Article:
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How to do the first OPE in Polchinski?

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I can't get the first OPE in Polchinski's String Theory book. It is $$:\partial X^\mu(z)\partial X_\mu(z)::\partial'X^\nu(z')\partial'X_\nu(z'):=:\partial X^\mu(z)\partial X_\mu(z)\partial'X^\nu(z')\partial'X_\nu(z'):$$ $$-4\cdot \frac{\alpha'}{2}(\partial\partial'\ln|z-z'|^2):\partial X^\mu(z)\partial' X_\mu(z'):+2\cdot\eta^\mu_{\;\mu}\left(-\frac{\alpha'}{2}\partial\partial'\ln|z-z'|^2\right)^2$$ $$\sim\frac{D\alpha'^2}{2(z-z')^4}-\frac{2\alpha'}{(z-z')^2}:\partial' X^\mu(z')\partial' X_\mu(z'):-\frac{2\alpha'}{z-z'}:\partial'^2 X^\mu(z')\partial'X_\mu(z'):$$ I can see how the first equality comes about from Eq. (2.2.9) and Polchinski's hint. However, I don't know how to get part of the asymptotic. Thanks to Prahar I got the first term. I definitely don't know how to get the other terms. I'm not really sure how to make use of his hint to Taylor expand. So if you want to just give a hint, that's fine, just please don't tell me to Taylor expand ;)

Any help would be greatly appreciated.

This post imported from StackExchange Physics at 2015-02-01 13:24 (UTC), posted by SE-user 0celo7
asked Feb 1, 2015 in Theoretical Physics by 0celo7 (50 points) [ no revision ]
retagged Feb 1, 2015 by dimension10
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Related: this question and links therein.

This post imported from StackExchange Physics at 2015-02-01 13:24 (UTC), posted by SE-user Qmechanic

@Prahar: Cool! How about $:\partial X^\mu(z)\partial X_\mu(z)\partial'X^\nu(z')\partial'X_\nu(z'):$?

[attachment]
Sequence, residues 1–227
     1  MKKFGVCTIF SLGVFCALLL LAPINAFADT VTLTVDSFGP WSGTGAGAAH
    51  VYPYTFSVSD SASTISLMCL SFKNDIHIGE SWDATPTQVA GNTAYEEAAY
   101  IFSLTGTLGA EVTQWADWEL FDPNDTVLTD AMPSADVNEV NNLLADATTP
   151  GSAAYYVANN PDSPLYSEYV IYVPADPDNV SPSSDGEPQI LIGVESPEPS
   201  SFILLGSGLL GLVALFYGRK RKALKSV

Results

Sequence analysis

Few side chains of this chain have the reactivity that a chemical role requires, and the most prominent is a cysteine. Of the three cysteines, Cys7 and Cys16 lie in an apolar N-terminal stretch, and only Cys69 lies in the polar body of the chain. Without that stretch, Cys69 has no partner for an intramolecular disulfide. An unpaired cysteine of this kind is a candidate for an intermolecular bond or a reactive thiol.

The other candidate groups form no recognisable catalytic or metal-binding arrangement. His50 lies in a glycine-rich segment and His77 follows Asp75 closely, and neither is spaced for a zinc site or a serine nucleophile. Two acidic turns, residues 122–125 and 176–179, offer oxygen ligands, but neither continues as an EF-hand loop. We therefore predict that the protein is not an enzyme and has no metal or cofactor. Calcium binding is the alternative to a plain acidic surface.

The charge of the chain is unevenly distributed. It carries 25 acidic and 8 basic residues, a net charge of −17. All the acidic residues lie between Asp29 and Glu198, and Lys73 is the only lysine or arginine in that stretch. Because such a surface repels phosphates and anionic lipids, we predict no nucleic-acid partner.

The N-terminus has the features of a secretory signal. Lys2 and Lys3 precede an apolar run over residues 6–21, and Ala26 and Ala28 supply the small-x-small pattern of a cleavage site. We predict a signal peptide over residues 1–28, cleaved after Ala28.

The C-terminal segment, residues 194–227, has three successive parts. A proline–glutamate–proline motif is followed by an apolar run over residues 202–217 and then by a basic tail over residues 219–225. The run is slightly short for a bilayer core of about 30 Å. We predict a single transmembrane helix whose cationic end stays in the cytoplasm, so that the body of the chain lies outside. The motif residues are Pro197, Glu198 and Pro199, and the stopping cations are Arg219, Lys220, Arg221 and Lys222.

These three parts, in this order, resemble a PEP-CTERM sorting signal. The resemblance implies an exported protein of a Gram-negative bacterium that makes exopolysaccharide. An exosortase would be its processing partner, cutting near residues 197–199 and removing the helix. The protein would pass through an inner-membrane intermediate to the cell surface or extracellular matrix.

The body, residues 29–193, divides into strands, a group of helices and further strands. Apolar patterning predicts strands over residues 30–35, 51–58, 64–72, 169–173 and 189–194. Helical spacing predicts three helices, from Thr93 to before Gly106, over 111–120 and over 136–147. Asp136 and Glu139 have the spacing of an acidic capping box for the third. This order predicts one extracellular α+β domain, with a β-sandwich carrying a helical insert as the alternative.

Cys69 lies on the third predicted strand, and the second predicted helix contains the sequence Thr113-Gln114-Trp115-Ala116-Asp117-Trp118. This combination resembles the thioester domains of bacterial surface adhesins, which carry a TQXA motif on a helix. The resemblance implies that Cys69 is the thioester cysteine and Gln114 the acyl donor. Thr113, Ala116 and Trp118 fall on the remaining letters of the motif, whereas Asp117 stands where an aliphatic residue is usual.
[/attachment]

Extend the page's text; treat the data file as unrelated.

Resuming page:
This post imported from StackExchange Physics at 2015-02-01 13:24 (UTC), posted by SE-user 0celo7
@0celo7 - I can't tell you everything. The only thing you really have to do is to Taylor expand all functions around $z = z'$ and keep only the singular terms. Once you do that, you will correctly reproduce Polchinski's formula.

This post imported from StackExchange Physics at 2015-02-01 13:24 (UTC), posted by SE-user Prahar
@Prahar: How do I know which terms are singular? If I Taylor (not Laurent) expand, how can any terms be singular? After all, aren't they all polynomials?

This post imported from StackExchange Physics at 2015-02-01 13:24 (UTC), posted by SE-user 0celo7
@0celo7 - Because each term is multiplied by factors of the form $\frac{1}{(z-z')^n}$ which for $n > 0$ are singular.

This post imported from StackExchange Physics at 2015-02-01 13:24 (UTC), posted by SE-user Prahar
Most recent comments show all comments
@Prahar: I see what you mean in this question. If I had gone through the Taylor expansion fully in the OP, I probably could have figured it out right then.

This post imported from StackExchange Physics at 2015-02-01 13:24 (UTC), posted by SE-user 0celo7
@0celo7 - Exactly! That is why we require that it be written up. More often than not, this clears it up for the OP.

This post imported from StackExchange Physics at 2015-02-01 13:24 (UTC), posted by SE-user Prahar

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